WIMBLEDON, England — There he was, a surprise, perhaps the biggest of this Wimbledon fortnight: Roger Federer in the flesh Sunday on Centre Court.
As always, he looked handsome and freshly pressed. But instead of his tennis whites, Federer wore a trim, dark suit to to celebrate the 100th anniversary of Centre Court.
Flanked by a slew of past Wimbledon champions, Federer was on hand only briefly, but no player received a louder greeting. Not Bjorn Borg. Not Venus Williams. Not Rod Laver or Billie Jean King, not Rafael Nadal or Novak Djokovic.
For the first time since 1998, when he announced himself to the tennis world by winning the junior event, Federer is not playing Wimbledon. At age 40, he’s still rehabbing after surgery on his right knee and is unsure of his playing future.
“I’ve been lucky enough to play a lot of matches on this court,” Federer said, speaking into a microphone, his voice ringing across the court. He added, “It feels awkward to be here today in a different type of role.”
He continued for a short while, bathing in the warm adoration, taking in the old stadium and its memories. “This court has given me my biggest wins, my biggest losses,” he said.
“I hope I can come back one more time.”
The fans sitting around me at Centre Court went nuts.
And then Federer was gone.
Wimbledon 2022 has been a strange journey. Instead of the usual electric energy coursing through each day, signaling the peak of the tennis season and the start of the English summer, the feel has been slightly off — like a master violinist struggling for just the right note.
During the opening four days, attendance dropped to levels not seen in over a decade. The barring of Russians and Belarusians robbed the tournament of several marquee names, including the world’s top-ranked male, Daniil Medvedev. Their exclusion caused protests by the men’s and women’s tours, which decided not to officially recognize the results with ranking points, essentially turning the entire affair into the most lavish tennis exhibition ever held.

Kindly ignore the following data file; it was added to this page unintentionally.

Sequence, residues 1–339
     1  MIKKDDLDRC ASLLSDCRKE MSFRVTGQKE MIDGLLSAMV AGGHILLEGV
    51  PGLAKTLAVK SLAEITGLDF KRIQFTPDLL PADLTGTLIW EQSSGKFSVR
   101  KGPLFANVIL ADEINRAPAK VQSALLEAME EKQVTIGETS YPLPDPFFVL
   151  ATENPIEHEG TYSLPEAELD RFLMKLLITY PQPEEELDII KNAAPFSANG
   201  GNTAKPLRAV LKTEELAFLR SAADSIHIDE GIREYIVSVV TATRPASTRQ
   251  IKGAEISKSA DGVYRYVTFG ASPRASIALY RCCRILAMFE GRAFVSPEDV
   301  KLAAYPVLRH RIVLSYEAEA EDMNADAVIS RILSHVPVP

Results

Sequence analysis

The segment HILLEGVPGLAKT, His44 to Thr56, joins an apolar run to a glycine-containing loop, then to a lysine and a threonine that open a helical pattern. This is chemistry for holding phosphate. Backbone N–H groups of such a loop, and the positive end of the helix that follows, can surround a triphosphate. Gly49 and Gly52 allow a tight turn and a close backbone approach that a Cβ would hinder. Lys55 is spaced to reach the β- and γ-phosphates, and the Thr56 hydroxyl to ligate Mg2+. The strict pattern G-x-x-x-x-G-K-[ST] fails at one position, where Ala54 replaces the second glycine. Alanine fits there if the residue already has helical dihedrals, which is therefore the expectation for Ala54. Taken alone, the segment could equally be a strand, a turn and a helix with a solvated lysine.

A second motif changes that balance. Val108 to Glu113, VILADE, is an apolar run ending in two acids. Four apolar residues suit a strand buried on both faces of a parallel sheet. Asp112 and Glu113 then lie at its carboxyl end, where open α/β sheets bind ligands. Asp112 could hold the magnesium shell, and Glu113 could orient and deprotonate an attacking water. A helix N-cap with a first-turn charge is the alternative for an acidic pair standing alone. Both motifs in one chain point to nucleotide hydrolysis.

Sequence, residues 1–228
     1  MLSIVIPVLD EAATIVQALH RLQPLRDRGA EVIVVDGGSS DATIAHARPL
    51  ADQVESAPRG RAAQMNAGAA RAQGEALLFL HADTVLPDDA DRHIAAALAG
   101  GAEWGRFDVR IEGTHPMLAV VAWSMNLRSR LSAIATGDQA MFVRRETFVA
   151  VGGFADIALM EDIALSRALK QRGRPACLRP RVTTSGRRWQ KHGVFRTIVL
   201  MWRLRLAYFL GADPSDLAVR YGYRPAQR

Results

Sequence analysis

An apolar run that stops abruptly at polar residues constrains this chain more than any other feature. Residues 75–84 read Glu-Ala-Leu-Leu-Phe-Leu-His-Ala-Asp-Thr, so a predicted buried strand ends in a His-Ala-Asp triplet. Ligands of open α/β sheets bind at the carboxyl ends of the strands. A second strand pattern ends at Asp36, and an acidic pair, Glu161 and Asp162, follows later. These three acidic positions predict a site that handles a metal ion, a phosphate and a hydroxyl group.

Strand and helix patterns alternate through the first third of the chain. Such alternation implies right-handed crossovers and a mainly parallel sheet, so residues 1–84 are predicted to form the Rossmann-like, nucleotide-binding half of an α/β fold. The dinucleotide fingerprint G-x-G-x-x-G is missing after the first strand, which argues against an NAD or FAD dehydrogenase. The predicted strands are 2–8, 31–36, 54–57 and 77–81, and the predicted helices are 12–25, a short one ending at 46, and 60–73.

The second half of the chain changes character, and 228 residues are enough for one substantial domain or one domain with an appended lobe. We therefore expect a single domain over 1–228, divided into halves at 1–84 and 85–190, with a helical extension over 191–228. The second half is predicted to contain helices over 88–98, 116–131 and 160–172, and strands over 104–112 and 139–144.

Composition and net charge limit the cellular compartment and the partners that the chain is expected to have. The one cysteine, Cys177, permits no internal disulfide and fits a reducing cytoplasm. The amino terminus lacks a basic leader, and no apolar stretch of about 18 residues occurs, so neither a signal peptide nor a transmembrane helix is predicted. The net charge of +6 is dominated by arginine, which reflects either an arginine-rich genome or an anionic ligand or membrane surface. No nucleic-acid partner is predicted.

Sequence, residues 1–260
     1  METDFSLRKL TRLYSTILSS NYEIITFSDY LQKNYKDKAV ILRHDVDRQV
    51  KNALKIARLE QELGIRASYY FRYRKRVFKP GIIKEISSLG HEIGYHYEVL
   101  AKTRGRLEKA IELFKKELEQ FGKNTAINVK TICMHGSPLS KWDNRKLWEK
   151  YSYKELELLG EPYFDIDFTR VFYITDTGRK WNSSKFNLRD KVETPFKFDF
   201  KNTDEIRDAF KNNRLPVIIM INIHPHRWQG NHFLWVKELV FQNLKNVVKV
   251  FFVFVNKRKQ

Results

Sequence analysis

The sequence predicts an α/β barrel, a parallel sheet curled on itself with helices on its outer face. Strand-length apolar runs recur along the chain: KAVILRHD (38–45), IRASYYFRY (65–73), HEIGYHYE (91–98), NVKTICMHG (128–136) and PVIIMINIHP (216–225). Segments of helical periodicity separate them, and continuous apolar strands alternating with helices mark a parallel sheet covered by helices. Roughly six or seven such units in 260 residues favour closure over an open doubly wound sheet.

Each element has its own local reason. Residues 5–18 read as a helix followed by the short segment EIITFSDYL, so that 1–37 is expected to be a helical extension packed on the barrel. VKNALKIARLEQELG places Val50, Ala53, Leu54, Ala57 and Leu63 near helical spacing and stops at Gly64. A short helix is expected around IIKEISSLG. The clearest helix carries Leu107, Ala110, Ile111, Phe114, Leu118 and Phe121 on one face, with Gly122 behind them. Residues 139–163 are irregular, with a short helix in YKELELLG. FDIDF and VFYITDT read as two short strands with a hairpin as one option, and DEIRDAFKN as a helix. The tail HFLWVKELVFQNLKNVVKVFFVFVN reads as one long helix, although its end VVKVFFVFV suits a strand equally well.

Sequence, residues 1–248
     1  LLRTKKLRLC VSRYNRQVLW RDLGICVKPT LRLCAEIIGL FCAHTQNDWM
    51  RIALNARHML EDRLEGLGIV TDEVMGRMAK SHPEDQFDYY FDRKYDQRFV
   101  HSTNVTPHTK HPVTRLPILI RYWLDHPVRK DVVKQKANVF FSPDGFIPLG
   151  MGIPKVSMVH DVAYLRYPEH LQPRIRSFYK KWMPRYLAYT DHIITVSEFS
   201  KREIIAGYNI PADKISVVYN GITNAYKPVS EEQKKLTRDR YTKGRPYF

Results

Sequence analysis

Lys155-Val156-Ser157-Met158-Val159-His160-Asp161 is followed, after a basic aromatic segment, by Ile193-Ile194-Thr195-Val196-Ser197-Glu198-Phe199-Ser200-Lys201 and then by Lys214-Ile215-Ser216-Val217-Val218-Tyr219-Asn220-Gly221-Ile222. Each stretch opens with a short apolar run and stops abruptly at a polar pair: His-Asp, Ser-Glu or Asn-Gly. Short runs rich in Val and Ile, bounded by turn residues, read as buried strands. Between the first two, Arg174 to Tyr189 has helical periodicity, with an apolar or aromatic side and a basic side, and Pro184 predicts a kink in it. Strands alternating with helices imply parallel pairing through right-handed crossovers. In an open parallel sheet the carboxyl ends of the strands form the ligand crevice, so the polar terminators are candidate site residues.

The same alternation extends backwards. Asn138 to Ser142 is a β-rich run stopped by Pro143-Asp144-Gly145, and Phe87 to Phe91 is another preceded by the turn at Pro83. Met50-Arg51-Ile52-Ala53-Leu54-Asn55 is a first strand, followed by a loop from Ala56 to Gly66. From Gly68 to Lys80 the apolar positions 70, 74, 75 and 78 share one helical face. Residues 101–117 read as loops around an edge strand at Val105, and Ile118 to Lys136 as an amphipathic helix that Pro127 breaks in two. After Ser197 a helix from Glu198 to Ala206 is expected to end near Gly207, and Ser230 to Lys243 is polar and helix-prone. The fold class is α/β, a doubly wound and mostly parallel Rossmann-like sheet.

Those are some mighty blows.
But there’s something else that feels off about this Wimbledon.
Instead of charging into the tournament’s second week as the men’s favorite and the fans’ hoped-for winner at a tournament where he is worshiped like a god, Federer floatedin for the centennial celebration and then was scheduled to jet back home to Switzerland.
The tournament goes on. But a Wimbledon without Federer is like a Wimbledon where there are strawberries but no cream.
How do you explain the power of absence? Maybe through the shock of looking at the men’s draw and not seeing the most familiar name. Or through a fan’s shout, such as the one that came out loud and true, expressing palpable longing during a prime-time match last week.
“Is that Roger Federer?” someone yelled, the voice ringing across Court No. 1 during a tense late-night match between two guys, Stefanos Tsitsipas and Nick Kyrgios, who could offer only a glimpse of the grace Federer brought to every match at Wimbledon.
The yell was aimed at Tsitsipas, of Greece, whose one-handed backhand and flowing strokes call to mind the eight-time champion.
Close is not the real thing. Tsitsipas is no Federer.
There are no guarantees that Federer will ever play here again, though we now know that he hopes to. “I think maybe there’s a little magic left,” said Tony Godsick, Federer’s longtime agent, as we walked the grounds last week.